Friedman Supports Wheelchair Warranty Reform Passed by Massachusetts Senate

Bill extends wheelchair warranties, requires faster repairs and replacements, bringing Massachusetts in line with neighboring states  

BOSTON (1/4/2024)—Today, the Massachusetts Senate voted to strengthen consumer protections for wheelchair users. Senator Cindy F. Friedman (D-Arlington) joined her colleagues to move the legislation forward with a unanimous vote. 

An Act expanding wheelchair warranty protections for consumers with disabilities—S.2541requires all wheelchairs to come with warranties, extends the minimum warranty period to two years, sets standards for wheelchair repairs and replacements, and eliminates the cumbersome prior authorization process for all wheelchair repairs under $1,000.  

“Ensuring that wheelchairs, an essential medical device, have strong warranty protections is so important as we continue to work towards making the Commonwealth a more inclusive place for all our residents” said Senator Friedman, Senate Chair of the Joint Committee on Health Care Financing. “I am proud that the Senate passed this legislation again this session to improve the accessibility of our state in an equitable fashion, and I hope it will become law this year.”  

The legislation, which has received strong support from disability advocates in Massachusetts, requires all wheelchairs sold or leased in the Commonwealth to come with express warranties—a change from the current law, which only requires customized wheelchairs to come with express warranties. The legislation also extends express warranties for wheelchairs from one year to two years, bringing Massachusetts in line with states like Rhode Island and Connecticut. To alleviate wait times for repairs, the bill mandates that wheelchair service providers diagnose repair issues remotely within three business days following notice from a consumer and provide an in-person assessment no more than four business days after that.   … Read more.

Friedman Votes With Senate Colleagues to Pass Legislation Legalizing Fentanyl Test Strips

Commonsense harm reduction strategy proven to encourage safer consumption behavior, save lives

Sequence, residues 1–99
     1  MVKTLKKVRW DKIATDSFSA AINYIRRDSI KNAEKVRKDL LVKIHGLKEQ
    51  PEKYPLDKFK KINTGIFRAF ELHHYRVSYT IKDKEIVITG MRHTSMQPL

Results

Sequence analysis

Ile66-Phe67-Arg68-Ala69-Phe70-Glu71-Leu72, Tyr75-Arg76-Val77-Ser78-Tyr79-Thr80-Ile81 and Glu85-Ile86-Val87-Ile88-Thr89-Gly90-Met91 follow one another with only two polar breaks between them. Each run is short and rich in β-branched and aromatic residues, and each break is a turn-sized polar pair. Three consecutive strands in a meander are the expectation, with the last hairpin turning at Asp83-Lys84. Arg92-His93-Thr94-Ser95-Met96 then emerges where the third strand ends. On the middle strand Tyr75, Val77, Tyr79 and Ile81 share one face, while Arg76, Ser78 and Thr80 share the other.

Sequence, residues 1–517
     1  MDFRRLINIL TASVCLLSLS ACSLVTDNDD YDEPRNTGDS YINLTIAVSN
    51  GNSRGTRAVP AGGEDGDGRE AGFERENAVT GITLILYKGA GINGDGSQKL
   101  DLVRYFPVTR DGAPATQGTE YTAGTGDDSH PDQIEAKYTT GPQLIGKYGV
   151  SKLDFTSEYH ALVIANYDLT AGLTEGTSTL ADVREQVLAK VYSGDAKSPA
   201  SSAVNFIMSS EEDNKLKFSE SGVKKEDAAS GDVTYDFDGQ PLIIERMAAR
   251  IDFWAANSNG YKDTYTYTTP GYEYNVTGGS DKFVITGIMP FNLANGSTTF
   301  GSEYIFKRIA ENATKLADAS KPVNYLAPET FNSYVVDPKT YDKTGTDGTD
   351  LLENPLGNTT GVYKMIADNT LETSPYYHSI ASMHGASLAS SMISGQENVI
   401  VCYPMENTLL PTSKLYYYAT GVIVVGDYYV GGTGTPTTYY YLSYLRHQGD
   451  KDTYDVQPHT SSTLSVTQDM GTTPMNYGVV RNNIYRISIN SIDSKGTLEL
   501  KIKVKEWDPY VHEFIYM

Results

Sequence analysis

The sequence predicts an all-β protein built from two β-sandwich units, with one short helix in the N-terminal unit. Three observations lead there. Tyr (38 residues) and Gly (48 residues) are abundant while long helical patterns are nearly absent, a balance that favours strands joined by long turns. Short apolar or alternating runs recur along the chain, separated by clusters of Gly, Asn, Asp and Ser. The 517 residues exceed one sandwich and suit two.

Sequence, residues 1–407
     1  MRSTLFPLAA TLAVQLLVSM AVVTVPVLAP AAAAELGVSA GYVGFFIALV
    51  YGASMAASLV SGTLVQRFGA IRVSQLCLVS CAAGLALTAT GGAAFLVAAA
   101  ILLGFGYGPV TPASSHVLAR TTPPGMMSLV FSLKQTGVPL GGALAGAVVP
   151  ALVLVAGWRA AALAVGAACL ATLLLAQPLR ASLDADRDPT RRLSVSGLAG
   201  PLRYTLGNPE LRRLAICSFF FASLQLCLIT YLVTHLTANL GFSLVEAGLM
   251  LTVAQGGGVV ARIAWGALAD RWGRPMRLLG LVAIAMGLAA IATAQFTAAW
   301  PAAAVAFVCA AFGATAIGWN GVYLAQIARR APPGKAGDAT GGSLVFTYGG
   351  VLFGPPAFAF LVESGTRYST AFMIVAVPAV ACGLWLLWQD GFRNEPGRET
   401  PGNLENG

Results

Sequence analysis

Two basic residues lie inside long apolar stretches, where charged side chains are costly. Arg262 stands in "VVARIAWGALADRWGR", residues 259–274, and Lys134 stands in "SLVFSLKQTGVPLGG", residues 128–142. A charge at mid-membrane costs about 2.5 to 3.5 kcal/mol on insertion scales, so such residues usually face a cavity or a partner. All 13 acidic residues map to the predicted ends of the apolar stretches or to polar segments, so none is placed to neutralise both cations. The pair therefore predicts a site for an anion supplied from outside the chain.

BOSTON (1/4/2024)—Today, the Massachusetts Senate debated and unanimously passed An Act relative to fentanyl test strips—S.2543legislation to help prevent overdoses and save lives by making legal the sale, possession, and distribution of fentanyl test strips, and other testing equipment used to identify fentanyl, in the Commonwealth. Senator Cindy F. Friedman (D-Arlington), a long-time advocate of harm reduction policies, voted to pass the measure. 

If passed into law, the bill would add a potent tool to support drug users in knowing whether they are consuming fentanyl. Fentanyl test strips are a proven harm reduction strategy that have been shown to help drug users engage in less risky behavior, including by discarding drugs, reducing doses, using drugs more slowly, using drugs with someone else around, or keeping naloxone nearby.   

“Since taking office in 2017, I’ve been vocal about the need to implement policies that promote harm reduction for vulnerable residents struggling with substance use,” said Senator Friedman, Senate Chair of the Joint Committee on Health Care Financing. “This legislation, like other actions we’ve taken as a state, would reduce harm in a way that is easy to use and is not cost prohibitive. I will continue to support commonsense measures like this that save lives and give those struggling with substance use disorder a better chance at recovery.” 

Fentanyl-related overdoses are far too frequent in Massachusetts. Between October 1, 2022, and September 30, 2023, 2,323 people suffered from overdoses in Massachusetts, and in the first three months of 2023, fentanyl was present in 93% of fatal overdoses.… Read more.

“Blue Envelope” Bill Supporting People With Autism Passes Senate

Legislation would help facilitate better interactions between people with autism and law enforcement officers 

BOSTON (1/4/2024)—Today, the Massachusetts Senate unanimously passed An Act facilitating better interactions between police officers and persons with autism spectrum disorder—also known as the “Blue Envelope” bill—to improve communication during traffic stops involving a person with Autism Spectrum Disorder.  

The bill would create a voluntary program that would make available blue envelopes that people with autism could carry with them while driving and hand over to a police officer in the event that they are pulled over. A driver could place their license, registration, and insurance cards inside the envelope, and the outside of the envelope would note that the driver has Autism Spectrum Disorder and provide guidance on best practices on how to interact with the individual.  

The envelope’s guidance—which would be created by a coalition of advocates, Chiefs of Police, and the RMV—would help law enforcement officers to better understand the actions of individuals with autism, who are more likely to have increased sensitivities and communication challenges in stressful situations. 

“The Blue Envelope bill would provide a subtle, yet meaningful mechanism to ensure that drivers with Autism Spectrum Disorder can remain comfortable and communicate calmly in situations that have the potential to cause significant stress, such as interactions with members of law enforcement during traffic stops,” said Senator Cindy F. Friedman (D-Arlington), Vice Chair of the Senate Committee on Ways and Means. “This is a simple solution that will have a hugely beneficial impact on neuro-diverse drivers and law enforcement officers across the Commonwealth.” … Read more.